When an accident obliterates the British royal family and most of its branches, a desperate geneological search discovers the next king: Ralph, a sleazy American lounge singer. Can Ralph measure up to the job, even with the help of loyal aristocrat Willingham?Written by
The name of the rock band seen at the end of the movie was "Ralph and the Dukettes". See more »
In the establishing shot of Buckingham Palace at the beginning of the film, no Royal Standard is seen flying above the palace, which would signify that the monarch is in residence. Immediately following the establishing shot, it is shown that the monarch is, indeed, in residence and thus, the Royal Standard should be flying. See more »
Sir Cedric Willingham:
How's it going, Your Majesty?
Great. We've got nothing in common and she's got a voice like a tuba. If she had her way, we'd have sex on a bed of nails on national television. But at least the party stinks.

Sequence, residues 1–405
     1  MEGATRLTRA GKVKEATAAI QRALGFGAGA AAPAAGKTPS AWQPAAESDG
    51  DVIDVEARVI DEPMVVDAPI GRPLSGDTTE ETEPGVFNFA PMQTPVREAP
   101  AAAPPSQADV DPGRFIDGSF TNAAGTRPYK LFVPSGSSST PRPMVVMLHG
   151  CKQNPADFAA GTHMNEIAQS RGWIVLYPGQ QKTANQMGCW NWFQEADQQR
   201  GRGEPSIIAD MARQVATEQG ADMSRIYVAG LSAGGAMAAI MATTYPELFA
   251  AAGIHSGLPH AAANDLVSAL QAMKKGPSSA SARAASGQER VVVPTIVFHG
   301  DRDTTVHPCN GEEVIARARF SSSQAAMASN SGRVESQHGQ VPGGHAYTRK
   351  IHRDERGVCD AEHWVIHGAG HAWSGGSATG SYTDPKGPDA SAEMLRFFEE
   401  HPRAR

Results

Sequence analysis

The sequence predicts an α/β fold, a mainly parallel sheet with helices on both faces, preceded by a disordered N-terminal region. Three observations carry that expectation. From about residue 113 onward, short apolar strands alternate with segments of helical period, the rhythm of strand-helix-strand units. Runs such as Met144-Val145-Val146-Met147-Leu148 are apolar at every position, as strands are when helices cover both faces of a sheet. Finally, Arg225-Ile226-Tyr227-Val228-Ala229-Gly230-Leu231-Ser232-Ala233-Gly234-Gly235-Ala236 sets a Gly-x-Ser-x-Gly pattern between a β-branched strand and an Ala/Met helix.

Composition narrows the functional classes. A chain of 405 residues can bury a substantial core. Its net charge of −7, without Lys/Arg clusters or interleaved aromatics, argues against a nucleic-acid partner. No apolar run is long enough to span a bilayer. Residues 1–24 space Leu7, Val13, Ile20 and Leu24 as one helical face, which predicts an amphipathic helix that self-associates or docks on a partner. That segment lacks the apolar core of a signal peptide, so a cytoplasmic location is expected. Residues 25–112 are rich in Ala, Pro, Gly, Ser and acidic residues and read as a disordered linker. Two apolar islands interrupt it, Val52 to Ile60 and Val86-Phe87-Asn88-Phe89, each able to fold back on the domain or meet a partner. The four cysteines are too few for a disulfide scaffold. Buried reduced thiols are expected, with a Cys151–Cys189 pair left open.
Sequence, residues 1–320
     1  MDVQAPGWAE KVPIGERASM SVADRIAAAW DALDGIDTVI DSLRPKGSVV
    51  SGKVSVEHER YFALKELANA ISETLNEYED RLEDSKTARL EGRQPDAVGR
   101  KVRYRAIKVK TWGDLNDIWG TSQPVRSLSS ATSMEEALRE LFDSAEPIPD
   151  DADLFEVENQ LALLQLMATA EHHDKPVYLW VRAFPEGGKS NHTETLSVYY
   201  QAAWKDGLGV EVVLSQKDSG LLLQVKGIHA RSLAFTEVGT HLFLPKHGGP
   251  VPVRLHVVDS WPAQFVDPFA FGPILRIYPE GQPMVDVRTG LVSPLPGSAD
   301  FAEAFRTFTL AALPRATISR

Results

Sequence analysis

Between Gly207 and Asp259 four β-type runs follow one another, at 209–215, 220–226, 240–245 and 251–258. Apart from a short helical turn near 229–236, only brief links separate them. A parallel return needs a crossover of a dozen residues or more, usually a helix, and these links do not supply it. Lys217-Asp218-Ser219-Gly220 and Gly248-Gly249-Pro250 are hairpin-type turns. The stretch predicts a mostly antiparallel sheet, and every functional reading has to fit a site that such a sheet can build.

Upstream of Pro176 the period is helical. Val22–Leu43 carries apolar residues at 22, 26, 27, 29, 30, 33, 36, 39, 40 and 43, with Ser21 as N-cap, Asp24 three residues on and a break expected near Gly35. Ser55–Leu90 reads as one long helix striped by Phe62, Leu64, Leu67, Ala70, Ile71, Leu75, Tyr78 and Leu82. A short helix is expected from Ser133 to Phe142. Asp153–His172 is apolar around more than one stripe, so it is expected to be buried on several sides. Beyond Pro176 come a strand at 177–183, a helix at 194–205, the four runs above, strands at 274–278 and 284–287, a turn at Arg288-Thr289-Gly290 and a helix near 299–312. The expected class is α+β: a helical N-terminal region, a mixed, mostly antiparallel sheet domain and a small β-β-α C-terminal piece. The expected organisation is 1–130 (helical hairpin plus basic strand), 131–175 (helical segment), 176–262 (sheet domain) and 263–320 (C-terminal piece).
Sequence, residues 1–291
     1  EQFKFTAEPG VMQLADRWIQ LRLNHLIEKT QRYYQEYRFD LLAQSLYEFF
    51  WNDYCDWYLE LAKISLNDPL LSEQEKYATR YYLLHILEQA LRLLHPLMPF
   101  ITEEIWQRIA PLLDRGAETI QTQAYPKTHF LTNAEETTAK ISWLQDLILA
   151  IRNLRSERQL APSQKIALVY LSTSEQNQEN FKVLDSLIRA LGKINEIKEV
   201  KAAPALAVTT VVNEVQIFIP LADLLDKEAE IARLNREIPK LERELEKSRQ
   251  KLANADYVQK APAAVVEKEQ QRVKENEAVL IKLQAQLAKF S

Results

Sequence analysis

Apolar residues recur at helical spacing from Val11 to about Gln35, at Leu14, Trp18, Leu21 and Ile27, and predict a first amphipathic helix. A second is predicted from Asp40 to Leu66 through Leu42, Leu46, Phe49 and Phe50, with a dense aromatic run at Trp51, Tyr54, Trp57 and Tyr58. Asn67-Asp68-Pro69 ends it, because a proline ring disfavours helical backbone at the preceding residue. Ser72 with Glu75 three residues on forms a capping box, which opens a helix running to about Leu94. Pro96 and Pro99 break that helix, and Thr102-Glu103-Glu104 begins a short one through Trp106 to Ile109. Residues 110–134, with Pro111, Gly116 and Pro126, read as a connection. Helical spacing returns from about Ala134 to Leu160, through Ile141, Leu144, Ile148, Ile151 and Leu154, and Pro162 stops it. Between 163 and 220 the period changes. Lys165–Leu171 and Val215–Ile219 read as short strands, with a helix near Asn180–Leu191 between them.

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I think that people are generally harsh towards the nature of this film. It is not meant to be entirely accurate and yes, perhaps I am slightly biased having starred in the film myself (Jason Richards (I) on IMDb). You will see that I played the role of Ralph II, the little guy who played that tiny piano/ keyboard at the end of the film! Having looked at the film again recently, I regard it as one of those classic comedies not to be mocked. I had great fun when acting in the film and I had just as much fun watching it! John Goodman really is the greatest of guys (although the size of him really scared me when I met him!) I suggest to everyone who mocks this film, that this is one of the reasons he became so great in the movie world. If it wasn't for King Ralph, he would have never got to the Flintstones or any of the other films which have come to make him so renowned.
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